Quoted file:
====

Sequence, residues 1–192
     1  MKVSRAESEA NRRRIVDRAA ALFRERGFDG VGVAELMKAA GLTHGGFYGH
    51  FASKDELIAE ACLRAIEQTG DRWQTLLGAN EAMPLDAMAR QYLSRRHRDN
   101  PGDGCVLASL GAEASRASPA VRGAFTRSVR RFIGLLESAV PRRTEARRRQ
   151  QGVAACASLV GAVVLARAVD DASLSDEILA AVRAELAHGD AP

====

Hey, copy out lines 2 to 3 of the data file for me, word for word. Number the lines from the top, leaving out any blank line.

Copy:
     1  MKVSRAESEA NRRRIVDRAA ALFRERGFDG VGVAELMKAA GLTHGGFYGH
    51  FASKDELIAE ACLRAIEQTG DRWQTLLGAN EAMPLDAMAR QYLSRRHRDN